Tuesday, May 26, 2020

GAMEBOOK ACADEMY _____ Ideas for making your gamebook longer

NOTE: This is part of a series that explains how to create your own simple gamebooks. More articles here

In the last lesson, we learnt how to make a really simple gamebook, with just three sections.

Once you get the hang of this process, it's easy to keep adding sections, until you have a much longer gamebook.

Your gamebook can have 10 sections, or 200 sections, or 600, sections, it doesn't matter, as long as you're enjoying yourself as you write, and your reader has fun reading and making decisions at the end of each section.

In this lesson, we'll look at the different kinds of choices you can offer your readers at the end of each section. Once you master this, you'll be able to add more and more new sections to your simple gamebook, and make it even more fun.

Ready? Let's begin.

LESSON 2: Ideas for making your gamebook longer

There are four main types of decisions you can offer your readers.

What action should your reader take next? What should she or he do? This is the most basic decision that drives the adventure forward.

If you want to create a fast-paced, thrilling gamebook experience, your gamebook sections should end mostly in action choices.


You rush over and push the door open. Turn to section 5.

You tiptoe to the door and listen first. Turn to section 3.

You could even write a superhero story where your reader has to decide whether to fly to another planet, shrink to the size of a pea, or transform into a unicorn. Your readers will be so impressed with your creativity.

Your choices could be about your character having a conversation with other characters.

This will be good when your character has to get some important information, or find out what the other character wants, or negotiate with another character.


You say, "Tell me quick, where's the key?" Turn to 6.

You say, "Never mind, I'll look for it myself." Turn to 9.

And it's not just humans. You could have your character talking to robots, dinosaurs, monsters, zombies, talking goldfish, and so on, whatever makes your story more fascinating.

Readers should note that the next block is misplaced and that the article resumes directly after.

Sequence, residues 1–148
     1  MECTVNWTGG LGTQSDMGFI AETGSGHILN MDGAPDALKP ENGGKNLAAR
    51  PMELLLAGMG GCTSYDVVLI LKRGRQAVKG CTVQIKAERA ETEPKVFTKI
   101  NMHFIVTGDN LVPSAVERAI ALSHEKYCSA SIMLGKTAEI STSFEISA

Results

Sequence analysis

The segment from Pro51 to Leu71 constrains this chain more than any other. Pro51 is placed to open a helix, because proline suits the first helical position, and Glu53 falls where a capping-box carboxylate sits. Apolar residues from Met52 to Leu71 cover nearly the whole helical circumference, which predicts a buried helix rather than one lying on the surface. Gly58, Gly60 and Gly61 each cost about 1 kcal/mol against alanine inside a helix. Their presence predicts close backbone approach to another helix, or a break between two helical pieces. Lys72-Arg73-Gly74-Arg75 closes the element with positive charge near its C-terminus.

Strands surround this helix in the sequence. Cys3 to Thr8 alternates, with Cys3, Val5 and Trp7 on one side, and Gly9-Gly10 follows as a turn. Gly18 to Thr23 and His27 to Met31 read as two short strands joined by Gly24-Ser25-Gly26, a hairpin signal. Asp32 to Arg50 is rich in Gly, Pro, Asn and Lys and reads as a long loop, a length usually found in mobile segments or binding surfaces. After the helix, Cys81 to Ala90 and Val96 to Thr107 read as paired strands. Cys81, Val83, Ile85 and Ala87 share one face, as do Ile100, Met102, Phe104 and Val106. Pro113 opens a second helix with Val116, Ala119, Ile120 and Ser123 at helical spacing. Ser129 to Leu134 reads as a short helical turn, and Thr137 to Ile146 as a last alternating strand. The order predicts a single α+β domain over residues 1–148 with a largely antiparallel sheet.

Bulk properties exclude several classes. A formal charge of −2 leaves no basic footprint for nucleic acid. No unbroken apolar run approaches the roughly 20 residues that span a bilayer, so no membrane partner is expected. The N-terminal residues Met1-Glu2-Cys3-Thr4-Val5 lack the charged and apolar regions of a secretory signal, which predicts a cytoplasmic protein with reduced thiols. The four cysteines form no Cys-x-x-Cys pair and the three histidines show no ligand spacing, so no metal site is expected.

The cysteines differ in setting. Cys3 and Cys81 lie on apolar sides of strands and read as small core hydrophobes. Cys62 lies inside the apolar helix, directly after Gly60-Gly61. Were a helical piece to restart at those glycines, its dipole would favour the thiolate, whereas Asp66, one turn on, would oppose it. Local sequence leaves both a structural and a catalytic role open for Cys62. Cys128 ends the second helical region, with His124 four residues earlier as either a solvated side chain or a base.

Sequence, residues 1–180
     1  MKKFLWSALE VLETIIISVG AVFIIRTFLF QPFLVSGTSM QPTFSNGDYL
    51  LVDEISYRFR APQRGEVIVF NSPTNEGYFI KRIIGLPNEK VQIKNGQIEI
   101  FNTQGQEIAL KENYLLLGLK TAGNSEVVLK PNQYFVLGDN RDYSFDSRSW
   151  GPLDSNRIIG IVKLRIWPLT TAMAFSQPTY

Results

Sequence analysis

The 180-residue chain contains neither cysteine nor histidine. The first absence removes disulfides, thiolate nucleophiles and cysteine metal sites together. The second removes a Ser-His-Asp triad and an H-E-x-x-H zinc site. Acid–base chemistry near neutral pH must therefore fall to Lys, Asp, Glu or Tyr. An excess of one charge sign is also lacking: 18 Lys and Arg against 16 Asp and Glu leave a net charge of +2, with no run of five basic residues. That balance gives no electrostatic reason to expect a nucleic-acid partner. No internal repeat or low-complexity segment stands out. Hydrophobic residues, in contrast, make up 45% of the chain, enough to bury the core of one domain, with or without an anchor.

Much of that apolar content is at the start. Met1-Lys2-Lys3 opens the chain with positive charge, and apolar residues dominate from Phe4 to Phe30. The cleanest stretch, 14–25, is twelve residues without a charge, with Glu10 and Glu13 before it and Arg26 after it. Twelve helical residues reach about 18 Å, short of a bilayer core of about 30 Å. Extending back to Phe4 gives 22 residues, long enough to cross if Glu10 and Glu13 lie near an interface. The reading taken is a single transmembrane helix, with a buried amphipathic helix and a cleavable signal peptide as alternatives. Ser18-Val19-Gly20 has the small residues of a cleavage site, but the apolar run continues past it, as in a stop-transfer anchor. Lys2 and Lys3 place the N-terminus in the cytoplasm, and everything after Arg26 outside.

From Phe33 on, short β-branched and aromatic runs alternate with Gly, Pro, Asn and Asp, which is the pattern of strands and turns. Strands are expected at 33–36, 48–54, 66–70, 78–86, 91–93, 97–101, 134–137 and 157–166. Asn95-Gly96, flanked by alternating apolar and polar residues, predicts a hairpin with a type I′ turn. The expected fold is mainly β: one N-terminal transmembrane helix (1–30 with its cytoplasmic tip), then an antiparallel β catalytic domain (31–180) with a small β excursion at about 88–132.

These choices are about physically moving in a particular direction.

You can use these options when your character is exploring a space, or walking somewhere, or running away.


You decide to enter the left corridor. Turn to 4. 

You decide to enter the right corridor. Turn to 7. 

Besides walking or running, your character can ride an animal, be in a vehicle, or even travel on a flying carpet. Wheeeee!

This is for scenes where your character is analysing something, or searching for something.

This is good for detective stories, where your character has to hunt for clues in order to solve a mystery.


You look inside the pot. Turn to 2.

You search behind the stove. Turn to 6.

When you have a scene where your character is looking for something, it often slows down the action. So try not to have too many of these in a sequence. Keep your character moving around, or talking with other characters.

That's it for this lesson! Now you have ideas for turning your simple gamebook into a much longer reading experience. See if you can make a gamebook that has at least 10 sections. And have fun!

NEXT LESSON: Different types of gamebook adventures you can create 

. . . . . . . . . .